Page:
Fort Bragg soldiers leading base breakdown efforts in Afghanistan
By Drew Brooks | The Fayetteville Observer, N.C. | Published: May 11, 2014
KANDAHAR AIRFIELD, Afghanistan — For most of the war in Afghanistan, soldiers have been asked to build up the coalition presence, moving tons of equipment to smaller outposts while constructing new infrastructure.
But with the war winding down, Fort Bragg soldiers are now leading efforts to reverse that earlier work.
More than 100 soldiers with the 82nd Sustainment Brigade form the core of the U.S. Central Command Material Recovery Element, a conglomerate of units that is made up of about 3,500 soldiers. Their mission is to help process the equipment that has built up in Afghanistan while also helping to shrink or close military bases.
82nd Sustainment soldiers are spread across about 30 bases in Afghanistan, officials said, but their efforts are mostly focused at three retrosort yards — one each at Bagram Airfield in the east, Kandahar Airfield in the south and Camp Pratt in the north.
The largest retrosort yard is in Kandahar, near the 82nd Sustainment and CMRE headquarters.
There, soldiers, defense civilians and contractors sort through a steady stream of equipment.
From dusty telephones to boots and shovels, each item is sorted before computer programs help officials decide whether the equipment should be destroyed, transferred to the Afghan government or sent back to military posts in the United States.
Col. Mark Collins, commander of the 82nd Sustainment Brigade, said it was a massive effort — and a team effort with partners from other defense agencies and Reserve and National Guard units from across the country.
"We've been given a lot of really good equipment," he said of the more than a decade of war. "We have not wanted for supplies."
He described the process by which much of that equipment is being recycled — either to be reused in theater, turned over to the Afghans or actually recycled at scrap yards around Afghanistan.
"We understand budgets are important," Collins said. "We're protecting the investments that were made. Everything that leaves this theater is touched by a member of the CMRE."
Based in part on lessons learned from Iraq, Collins said the Command Material Recovery Element was a unique mission, complicated by terrain and the continuing needs of battle space commanders, but driven by a mission to be good stewards of American tax dollars.
To date, more than $1 billion in equipment has been returned to the military inventory in the U.S.
Another $5 billion has been recovered from coalition bases in Afghanistan. And $711,000 worth of unneeded medical supplies was donated to the Afghan Ministry of Public Health.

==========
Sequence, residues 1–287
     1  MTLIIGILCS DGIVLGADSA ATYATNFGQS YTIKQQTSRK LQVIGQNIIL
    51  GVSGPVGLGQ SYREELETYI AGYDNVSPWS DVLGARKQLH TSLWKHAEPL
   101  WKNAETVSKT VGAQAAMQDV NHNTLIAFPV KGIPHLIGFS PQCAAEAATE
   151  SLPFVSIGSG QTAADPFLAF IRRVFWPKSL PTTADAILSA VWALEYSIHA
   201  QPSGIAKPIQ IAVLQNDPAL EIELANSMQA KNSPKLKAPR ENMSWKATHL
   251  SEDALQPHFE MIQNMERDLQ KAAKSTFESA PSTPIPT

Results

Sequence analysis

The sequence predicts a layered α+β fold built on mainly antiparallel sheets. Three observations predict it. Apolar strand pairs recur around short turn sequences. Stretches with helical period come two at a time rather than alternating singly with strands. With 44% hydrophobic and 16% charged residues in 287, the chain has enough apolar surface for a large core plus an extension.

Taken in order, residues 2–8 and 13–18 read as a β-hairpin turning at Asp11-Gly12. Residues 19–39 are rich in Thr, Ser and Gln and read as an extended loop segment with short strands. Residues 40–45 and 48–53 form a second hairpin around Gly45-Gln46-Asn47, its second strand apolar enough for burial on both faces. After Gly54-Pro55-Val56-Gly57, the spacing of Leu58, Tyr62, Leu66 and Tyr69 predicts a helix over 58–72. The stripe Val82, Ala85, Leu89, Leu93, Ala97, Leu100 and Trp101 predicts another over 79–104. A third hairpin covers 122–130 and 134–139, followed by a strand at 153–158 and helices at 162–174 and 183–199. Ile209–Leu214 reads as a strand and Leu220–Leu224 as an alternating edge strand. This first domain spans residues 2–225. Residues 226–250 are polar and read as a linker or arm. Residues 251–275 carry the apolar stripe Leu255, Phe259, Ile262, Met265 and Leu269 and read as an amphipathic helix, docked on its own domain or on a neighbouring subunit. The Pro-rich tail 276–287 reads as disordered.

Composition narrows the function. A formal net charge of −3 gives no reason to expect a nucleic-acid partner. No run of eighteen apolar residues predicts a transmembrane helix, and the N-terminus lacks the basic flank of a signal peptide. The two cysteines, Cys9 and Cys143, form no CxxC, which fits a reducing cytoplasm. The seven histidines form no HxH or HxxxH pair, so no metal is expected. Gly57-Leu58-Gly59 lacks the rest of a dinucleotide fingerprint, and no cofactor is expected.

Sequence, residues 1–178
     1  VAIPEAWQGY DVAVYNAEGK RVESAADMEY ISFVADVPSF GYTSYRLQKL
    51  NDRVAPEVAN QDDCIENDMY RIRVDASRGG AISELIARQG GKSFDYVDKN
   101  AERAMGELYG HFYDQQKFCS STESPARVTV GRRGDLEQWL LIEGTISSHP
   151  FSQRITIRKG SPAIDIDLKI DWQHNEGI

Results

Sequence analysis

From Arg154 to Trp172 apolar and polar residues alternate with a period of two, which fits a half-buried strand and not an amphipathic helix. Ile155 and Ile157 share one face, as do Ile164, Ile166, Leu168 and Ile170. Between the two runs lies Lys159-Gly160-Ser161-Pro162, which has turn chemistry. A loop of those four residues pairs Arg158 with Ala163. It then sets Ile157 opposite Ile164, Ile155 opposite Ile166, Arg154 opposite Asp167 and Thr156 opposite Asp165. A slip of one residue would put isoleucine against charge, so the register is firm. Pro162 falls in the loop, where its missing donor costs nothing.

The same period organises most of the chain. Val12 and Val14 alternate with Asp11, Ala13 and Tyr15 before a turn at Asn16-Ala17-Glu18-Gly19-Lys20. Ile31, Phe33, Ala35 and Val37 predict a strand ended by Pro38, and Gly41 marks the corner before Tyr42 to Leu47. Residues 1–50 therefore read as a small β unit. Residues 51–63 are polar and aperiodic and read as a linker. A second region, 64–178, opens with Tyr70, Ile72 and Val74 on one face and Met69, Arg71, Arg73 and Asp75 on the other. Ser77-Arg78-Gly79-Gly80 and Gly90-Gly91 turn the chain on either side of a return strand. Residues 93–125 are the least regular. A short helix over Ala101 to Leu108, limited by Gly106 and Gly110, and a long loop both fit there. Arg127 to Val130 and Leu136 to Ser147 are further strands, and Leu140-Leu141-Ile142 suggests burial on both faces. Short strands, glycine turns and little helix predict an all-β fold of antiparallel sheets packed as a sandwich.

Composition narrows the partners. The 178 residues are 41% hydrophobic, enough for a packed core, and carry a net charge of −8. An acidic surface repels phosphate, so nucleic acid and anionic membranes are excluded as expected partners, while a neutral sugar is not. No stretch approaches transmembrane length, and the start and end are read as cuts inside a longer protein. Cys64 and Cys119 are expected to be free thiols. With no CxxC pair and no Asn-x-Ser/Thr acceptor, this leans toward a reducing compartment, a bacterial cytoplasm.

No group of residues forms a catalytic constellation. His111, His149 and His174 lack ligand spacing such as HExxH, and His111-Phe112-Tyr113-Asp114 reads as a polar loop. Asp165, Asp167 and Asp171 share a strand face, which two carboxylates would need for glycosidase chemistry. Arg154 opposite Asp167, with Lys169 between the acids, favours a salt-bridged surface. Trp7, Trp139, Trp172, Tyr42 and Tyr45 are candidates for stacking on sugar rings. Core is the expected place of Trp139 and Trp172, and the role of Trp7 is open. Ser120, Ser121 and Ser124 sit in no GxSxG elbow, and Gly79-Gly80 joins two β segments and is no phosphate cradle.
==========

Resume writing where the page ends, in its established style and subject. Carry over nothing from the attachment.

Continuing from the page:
At the Kandahar retrosort yard, officials make sure each and every piece of equipment is accounted for and ends up in the right place.
That means protecting or identifying sensitive equipment that can sometimes be no bigger than a toaster yet costs hundreds of thousands of dollars, said 1st Lt. Petar Mostarac, a soldier with the New York National Guard's 133rd Quartermaster Company who serves as officer in charge of the Kandahar retrosort yard.
It's a 24-hour operation, Mostarac said, with equipment arriving in anything from a 20-foot container to a pickup before it is sorted.
Standing among the "misfit toys" section of the yard, Mostarac said it makes sense to scrap much of the equipment because of the cost of shipping.
"It doesn't make sense to ship back a shovel or scrap metal," he said.
At the same time, some equipment — such as parts from armored vehicles — are carefully cleaned and inspected by customs officials before they are sent back to the U.S.
Mostarac said the goal is not to leave piles of junked equipment, but to process it and get it to where it's needed.
"We want to leave the space behind better than we left it," he said.
It's a similar philosophy across Kandahar Airfield, where another unit within the Command Material Recovery Element has spent weeks deconstructing the former Soldier Recovery Center near the base hospital.
The 276th Engineer Company — part of the Missouri National Guard — has worked to strip the buildings of their wires and plumbing before taking them apart.
"Anything that can be reused and recovered is," said Staff Sgt. Cesar Martinez, the noncommissioned officer in charge of the efforts.
The "right-sizing" efforts were just one of many going on across the theater.
Capt. Michele Smith, the brigade engineer, said crews with the CMRE had helped transfer 19 bases to Afghan forces and were working on about 30 others.
"It's a different mind-set for engineers," she said. "When I was here last time, about three years ago, we were still building up."
Collins said much of the work — whether it's deconstruction or retrosorting — is being done by small teams of soldiers who are pushed out to smaller bases.
That reduces the risk to thousands of soldiers, he said, because it prevents unnecessary convoys to carry equipment to larger bases.
Collins first deployed to Afghanistan in the early days of the war. In 2002, he served with the 528th Sustainment Brigade.
He also served in Afghanistan as late as last year, when he was support operations officer for the 1st Theater Sustainment Command.
Collins left Afghanistan in January and said he recalled talking about the Command Material Recovery Element mission with another officer on his way back to Fort Bragg.
"I don't know if I'd wish that on anyone," he told the officer.
Collins took command of the 82nd Sustainment Brigade in March and, two months later, learned he would return to Afghanistan later in the year to help lead the CMRE.
"It's interesting how things play out," he said. "But you couldn't ask for a better result at this point."